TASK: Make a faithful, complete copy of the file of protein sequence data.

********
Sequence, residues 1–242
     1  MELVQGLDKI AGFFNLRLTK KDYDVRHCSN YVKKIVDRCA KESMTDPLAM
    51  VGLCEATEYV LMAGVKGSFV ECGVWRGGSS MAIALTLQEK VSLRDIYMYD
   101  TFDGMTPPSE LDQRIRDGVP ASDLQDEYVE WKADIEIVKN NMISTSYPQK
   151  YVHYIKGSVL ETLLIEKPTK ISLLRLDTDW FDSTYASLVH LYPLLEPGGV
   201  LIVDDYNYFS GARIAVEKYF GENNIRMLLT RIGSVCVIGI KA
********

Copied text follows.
Sequence, residues 1–242
     1  MELVQGLDKI AGFFNLRLTK KDYDVRHCSN YVKKIVDRCA KESMTDPLAM
    51  VGLCEATEYV LMAGVKGSFV ECGVWRGGSS MAIALTLQEK VSLRDIYMYD
   101  TFDGMTPPSE LDQRIRDGVP ASDLQDEYVE WKADIEIVKN NMISTSYPQK
   151  YVHYIKGSVL ETLLIEKPTK ISLLRLDTDW FDSTYASLVH LYPLLEPGGV
   201  LIVDDYNYFS GARIAVEKYF GENNIRMLLT RIGSVCVIGI KA